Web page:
Controversial rezoning issue, entertainment district, among items discussed at Trussville City Council meeting
By Erica Thomas, managing editor
The Trussville City Council met on Tuesday, July 9, for a workshop and regular council meeting.
A crowd showed up to voice concerns over the Highway 11 development across from Winn-Dixie. The developer of the property gave a presentation of the plans already approved by the city’s planning and zoning board, then the issue was opened to a public hearing.
Connor Farmer, the owner of Highpointe Properties, LLC, told the council eight of the 16 acres being purchased will be developed as commercial property. The original plan, which included garden homes and commercial property, was dropped by the developer after nearby property owners voiced concerns.
The new plan includes a gas station, a new Trussville City Schools Board of Education building, a community park, footbridges and six to eight lots to be used for commercial use. The developer also plans to install a traffic light at the entrance of the development.
Councilman Perry Cook asked Farmer if he had any help from a member of the council on his plans for the development. Farmer said he drew the plans on his own. Cook said a concern of his was the location of a water retention pond on the property.
“That could affect everyone in this room,” Perry said. “I would like for you to have approval from the Alabama Corps of Engineers. That water could make it into our water source.”
Farmer said his group has already met with the Army Corps of Engineers.
Developer David Stovall stood and told the council those types of questions are not what the public hearing should be about.
“This is a rezoning hearing,” Stovall said. “The fact that we’re implementing a retention pond would be in every way beneficial and not a detriment to drinking water sources.”
Stovall also said any environmental issues would be addressed as they arise during the actual development of the property.
Residents spoke up against the development, citing several issues. Cheryl Hamilton, who lives on Burch Street, brought along a signed petition against the plan. The online petition had 471 signatures and a handwritten petition had 92 signatures.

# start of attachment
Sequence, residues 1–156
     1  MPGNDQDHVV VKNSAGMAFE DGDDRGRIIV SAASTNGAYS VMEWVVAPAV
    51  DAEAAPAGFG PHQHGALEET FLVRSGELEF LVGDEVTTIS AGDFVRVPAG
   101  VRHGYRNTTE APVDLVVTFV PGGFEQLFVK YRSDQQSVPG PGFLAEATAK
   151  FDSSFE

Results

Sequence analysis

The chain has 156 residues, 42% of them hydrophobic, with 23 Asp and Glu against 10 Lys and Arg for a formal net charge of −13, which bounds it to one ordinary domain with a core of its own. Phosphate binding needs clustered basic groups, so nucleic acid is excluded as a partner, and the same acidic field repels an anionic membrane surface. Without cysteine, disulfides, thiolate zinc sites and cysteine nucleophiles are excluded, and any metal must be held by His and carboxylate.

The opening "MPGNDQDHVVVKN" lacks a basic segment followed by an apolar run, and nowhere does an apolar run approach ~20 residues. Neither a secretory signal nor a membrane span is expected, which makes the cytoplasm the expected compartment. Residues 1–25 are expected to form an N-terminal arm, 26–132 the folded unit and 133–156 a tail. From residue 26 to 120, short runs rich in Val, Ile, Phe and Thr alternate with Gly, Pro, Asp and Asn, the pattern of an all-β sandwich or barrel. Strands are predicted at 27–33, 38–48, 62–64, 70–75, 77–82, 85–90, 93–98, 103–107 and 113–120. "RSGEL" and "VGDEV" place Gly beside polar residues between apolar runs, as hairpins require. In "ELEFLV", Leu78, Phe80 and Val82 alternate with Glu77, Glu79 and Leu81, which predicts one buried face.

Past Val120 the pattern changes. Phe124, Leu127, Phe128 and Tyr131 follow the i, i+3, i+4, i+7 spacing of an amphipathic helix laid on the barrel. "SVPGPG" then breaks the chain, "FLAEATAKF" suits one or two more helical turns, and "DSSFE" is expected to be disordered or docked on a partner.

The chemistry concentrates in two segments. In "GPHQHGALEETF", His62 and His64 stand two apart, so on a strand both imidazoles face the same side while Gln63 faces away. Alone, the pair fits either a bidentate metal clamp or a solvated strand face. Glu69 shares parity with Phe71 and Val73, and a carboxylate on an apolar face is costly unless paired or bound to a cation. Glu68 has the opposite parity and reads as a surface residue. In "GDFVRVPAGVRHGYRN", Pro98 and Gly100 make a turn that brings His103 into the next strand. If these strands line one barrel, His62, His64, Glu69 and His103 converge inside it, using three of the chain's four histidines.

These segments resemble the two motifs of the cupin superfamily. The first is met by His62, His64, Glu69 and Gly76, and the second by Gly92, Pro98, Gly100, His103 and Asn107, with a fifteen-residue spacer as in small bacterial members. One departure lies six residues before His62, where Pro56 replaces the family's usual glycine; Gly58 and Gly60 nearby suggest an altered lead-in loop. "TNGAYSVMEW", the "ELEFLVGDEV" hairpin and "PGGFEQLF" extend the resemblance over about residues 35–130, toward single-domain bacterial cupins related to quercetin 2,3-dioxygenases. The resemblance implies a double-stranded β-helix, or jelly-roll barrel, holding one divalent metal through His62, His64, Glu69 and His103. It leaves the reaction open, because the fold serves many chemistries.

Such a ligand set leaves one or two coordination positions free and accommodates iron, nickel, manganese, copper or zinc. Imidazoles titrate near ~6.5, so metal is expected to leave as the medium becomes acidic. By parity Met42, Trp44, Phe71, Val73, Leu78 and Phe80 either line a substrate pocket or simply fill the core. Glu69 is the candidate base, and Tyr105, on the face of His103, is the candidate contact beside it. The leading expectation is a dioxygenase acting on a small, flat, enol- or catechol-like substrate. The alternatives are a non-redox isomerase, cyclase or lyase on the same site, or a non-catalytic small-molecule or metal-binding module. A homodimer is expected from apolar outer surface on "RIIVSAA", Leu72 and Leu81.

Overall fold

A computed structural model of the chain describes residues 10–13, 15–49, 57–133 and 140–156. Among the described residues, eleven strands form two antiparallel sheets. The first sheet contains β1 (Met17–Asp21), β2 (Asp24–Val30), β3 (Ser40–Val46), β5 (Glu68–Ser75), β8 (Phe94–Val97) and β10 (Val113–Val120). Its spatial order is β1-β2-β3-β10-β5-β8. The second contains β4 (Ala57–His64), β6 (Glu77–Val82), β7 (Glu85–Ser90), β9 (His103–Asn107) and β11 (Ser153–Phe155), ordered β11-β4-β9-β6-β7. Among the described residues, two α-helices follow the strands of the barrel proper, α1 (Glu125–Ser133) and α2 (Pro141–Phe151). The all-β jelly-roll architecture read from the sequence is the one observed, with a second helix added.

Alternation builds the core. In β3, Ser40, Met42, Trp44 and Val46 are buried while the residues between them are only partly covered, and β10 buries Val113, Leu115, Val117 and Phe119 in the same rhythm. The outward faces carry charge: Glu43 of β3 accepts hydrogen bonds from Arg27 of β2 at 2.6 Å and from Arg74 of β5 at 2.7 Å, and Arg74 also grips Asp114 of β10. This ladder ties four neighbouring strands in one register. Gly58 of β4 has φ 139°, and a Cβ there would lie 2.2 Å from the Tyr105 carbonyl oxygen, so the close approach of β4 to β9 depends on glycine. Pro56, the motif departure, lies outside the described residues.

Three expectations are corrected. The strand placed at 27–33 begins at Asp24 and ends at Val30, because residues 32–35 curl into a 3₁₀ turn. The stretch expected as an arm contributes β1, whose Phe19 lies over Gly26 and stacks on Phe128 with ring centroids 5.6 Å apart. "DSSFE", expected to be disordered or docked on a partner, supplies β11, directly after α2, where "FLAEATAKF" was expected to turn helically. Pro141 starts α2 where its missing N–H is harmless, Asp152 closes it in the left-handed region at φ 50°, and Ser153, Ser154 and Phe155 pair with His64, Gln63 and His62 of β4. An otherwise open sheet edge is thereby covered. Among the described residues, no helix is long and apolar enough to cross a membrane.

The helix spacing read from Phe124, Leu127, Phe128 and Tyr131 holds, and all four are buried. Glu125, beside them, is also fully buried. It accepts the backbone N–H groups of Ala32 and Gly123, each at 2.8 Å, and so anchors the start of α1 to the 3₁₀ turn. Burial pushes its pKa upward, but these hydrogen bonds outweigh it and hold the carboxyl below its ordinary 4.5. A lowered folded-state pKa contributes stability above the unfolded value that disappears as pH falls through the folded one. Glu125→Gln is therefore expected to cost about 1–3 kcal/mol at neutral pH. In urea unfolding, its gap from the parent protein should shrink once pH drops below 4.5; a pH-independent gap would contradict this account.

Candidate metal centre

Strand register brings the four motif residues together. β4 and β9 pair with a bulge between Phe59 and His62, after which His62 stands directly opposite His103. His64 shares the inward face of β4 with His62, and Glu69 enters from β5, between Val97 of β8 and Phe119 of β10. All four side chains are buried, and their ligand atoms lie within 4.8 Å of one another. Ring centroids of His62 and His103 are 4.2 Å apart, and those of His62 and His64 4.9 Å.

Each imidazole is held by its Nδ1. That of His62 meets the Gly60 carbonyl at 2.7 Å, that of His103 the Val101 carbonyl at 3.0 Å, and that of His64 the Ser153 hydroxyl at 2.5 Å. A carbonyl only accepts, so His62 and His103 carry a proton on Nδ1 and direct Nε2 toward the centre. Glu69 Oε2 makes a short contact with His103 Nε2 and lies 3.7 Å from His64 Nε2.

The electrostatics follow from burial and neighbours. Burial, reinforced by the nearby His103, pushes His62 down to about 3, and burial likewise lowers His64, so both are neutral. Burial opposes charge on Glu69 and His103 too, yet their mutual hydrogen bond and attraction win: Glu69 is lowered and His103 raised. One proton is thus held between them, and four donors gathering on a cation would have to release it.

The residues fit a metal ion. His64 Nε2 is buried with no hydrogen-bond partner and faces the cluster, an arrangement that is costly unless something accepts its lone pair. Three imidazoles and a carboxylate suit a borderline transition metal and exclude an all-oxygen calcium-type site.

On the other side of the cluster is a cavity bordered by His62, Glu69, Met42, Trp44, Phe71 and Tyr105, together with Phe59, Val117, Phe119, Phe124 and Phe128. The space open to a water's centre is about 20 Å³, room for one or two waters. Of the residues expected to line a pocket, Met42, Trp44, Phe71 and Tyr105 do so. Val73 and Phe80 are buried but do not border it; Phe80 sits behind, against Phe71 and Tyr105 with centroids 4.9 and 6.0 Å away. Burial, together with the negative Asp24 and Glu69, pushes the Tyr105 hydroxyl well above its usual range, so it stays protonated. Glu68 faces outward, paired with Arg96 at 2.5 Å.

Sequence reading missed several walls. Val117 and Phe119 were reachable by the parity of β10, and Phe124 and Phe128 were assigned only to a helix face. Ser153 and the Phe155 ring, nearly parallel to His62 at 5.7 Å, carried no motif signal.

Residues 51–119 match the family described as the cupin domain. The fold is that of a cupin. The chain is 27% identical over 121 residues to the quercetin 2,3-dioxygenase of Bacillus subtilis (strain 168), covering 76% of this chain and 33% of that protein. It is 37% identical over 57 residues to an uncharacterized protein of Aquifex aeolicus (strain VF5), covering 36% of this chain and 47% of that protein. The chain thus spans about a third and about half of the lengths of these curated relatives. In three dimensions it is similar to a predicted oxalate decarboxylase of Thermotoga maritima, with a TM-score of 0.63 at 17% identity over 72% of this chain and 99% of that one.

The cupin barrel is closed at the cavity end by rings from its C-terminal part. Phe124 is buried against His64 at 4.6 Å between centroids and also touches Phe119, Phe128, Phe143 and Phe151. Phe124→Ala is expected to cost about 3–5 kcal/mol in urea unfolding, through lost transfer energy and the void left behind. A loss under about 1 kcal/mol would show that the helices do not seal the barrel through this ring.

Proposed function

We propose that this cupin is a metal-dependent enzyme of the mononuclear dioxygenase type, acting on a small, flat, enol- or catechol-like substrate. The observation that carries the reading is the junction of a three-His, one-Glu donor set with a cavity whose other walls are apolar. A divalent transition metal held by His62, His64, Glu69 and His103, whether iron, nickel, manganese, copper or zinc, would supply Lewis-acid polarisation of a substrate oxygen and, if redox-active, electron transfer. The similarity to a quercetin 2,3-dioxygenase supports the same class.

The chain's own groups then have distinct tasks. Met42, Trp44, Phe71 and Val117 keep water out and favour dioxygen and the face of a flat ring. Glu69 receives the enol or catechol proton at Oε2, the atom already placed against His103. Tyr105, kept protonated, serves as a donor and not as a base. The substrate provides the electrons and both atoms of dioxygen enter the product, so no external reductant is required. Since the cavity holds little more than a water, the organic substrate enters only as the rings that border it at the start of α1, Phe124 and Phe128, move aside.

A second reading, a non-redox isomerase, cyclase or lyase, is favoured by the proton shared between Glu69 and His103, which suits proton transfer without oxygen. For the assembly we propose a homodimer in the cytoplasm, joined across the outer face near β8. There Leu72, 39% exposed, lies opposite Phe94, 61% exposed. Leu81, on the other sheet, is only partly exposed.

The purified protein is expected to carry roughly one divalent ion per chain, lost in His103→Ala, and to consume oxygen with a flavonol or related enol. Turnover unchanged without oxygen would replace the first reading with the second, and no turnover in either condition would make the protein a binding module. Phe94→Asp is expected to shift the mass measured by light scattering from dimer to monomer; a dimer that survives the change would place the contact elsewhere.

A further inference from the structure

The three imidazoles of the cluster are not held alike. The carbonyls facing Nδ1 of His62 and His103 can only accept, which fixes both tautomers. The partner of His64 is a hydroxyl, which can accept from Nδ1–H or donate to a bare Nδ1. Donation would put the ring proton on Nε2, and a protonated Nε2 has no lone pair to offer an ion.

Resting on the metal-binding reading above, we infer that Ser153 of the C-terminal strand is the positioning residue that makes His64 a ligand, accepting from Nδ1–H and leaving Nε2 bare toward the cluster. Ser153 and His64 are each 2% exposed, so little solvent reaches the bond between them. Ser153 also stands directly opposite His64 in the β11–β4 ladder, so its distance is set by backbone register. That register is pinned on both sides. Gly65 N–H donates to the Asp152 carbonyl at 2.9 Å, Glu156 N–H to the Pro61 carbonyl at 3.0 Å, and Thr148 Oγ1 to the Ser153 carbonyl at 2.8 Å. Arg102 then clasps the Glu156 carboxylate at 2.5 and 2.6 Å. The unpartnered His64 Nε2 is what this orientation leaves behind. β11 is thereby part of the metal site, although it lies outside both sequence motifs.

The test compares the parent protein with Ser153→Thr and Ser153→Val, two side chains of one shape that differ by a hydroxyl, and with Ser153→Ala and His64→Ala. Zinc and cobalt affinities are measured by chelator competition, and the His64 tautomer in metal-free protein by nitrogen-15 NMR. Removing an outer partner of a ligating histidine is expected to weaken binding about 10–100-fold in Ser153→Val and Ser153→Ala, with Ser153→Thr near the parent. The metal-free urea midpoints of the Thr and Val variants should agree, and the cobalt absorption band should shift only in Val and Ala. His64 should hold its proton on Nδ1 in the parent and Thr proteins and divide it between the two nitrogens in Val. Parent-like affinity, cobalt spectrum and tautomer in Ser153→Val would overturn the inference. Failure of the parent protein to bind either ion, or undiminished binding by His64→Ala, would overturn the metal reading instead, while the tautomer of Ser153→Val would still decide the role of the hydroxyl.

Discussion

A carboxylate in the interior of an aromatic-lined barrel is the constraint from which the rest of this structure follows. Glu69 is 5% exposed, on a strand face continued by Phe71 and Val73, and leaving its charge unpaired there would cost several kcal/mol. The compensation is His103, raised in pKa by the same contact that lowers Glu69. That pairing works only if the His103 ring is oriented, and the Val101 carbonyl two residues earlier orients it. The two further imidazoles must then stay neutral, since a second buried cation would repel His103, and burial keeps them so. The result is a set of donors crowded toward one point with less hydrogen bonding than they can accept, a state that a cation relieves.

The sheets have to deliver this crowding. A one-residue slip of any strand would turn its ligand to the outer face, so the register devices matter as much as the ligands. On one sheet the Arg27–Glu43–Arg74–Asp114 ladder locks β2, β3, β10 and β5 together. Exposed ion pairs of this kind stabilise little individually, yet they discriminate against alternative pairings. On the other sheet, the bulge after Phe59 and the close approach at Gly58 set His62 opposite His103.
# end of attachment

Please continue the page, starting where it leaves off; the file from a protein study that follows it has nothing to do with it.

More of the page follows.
“For over two decades we have enjoyed peace and tranquility just one block from Main Street,” Hamilton said. “Dew Gardens is a family neighborhood and many of the families are sitting in the audience today.”
Hamilton said while property value is important, she believes the quality of life is more important. She said she would like for the city of Trussville to purchase the property and to preserve the green space.
“As people enter the city, they are welcomed by greenspace such as botanical gardens, maybe walking trails, art structures, things that attract visitors to the city,” Hamilton said. “The city can and should make that a reality.”
Hamilton said if the property is zoned for commercial use, the residents in her neighborhood would like to see businesses that do not impact their daily lives.
“We need businesses in Trussville that entices people to live here instead of leaving the city every day for their jobs in Birmingham,” Hamilton said.
Hamilton also said a restaurant would not be preferred on the property. C-2 zoning allows for restaurants, which Hamilton said she believes could cause issues for nearby residents.
Before the council moved to a vote, Councilman Bryan Plant explained property rights to the crowd, saying the council’s hands are tied when it comes to deciding what the owner wants to do with the property.
“I don’t want you to think we’re just simply ignoring what you have to say,” Plant said. “But we can’t tell them they can’t do this just because we found five empty spots somewhere. We don’t have the ability to do that.”
Councilman Cook performed the first reading on the ordinance (Ordinance 2019-025-PNZ) and the issue will be voted on at the next council meeting on July 23.
Before the controversial issue was discussed, the consent agenda was approved unanimously by the council, giving merit raises to three police employees, two fire employees, one library employee and one Public Works employee. The council also accepted the resignation of Laura Smith, a part-time circulation clerk.
Another item approved on the consent agenda was the appointment of Brett Isom to the Planning and Zoning Board. Isom, who works for the Regional Planning Commission in downtown Birmingham, lives in Trussville. He will be on the board until June 11, 2025.
Other matters of business approved as part of the consent agenda included funding for the Fall Municipal Law Conference in Gulf Shores. The conference from Sept. 26 – 28 will cost the city $680. Money for another conference, the Alabama Narcotics Officers Association Conference, was approved for Aug. 20 – 22. That conference will cost the city $300.
Also, the council approved work to be done by APCO (Alabama Power Company) to change out the lighting on Husky Parkway. The new lighting will be LED and will be installed at no cost to the city.
A contract between the city and Dunn Pavement was renewed for another year.
Police Officer Promoted
On the regular agenda, one police officer was promoted to Sergeant. Officer Joseph D. Dunn was promoted to Sergeant after 11 years on the force. Sgt. Dunn attended the meeting with his family.
The council also approved an easement to connect the new entertainment district to the Fresh Value shopping center. The move will allow patrons easily access the shopping center and to exit onto Highway 11 through a traffic signal at the intersection of Highway 11 and Cedar Avenue. A temporary construction easement was also granted for Beech Street.
The council also awarded a bid for fiber and internet access for the entertainment district. Spectrum Enterprise will be granted a three-year contract to provide the service.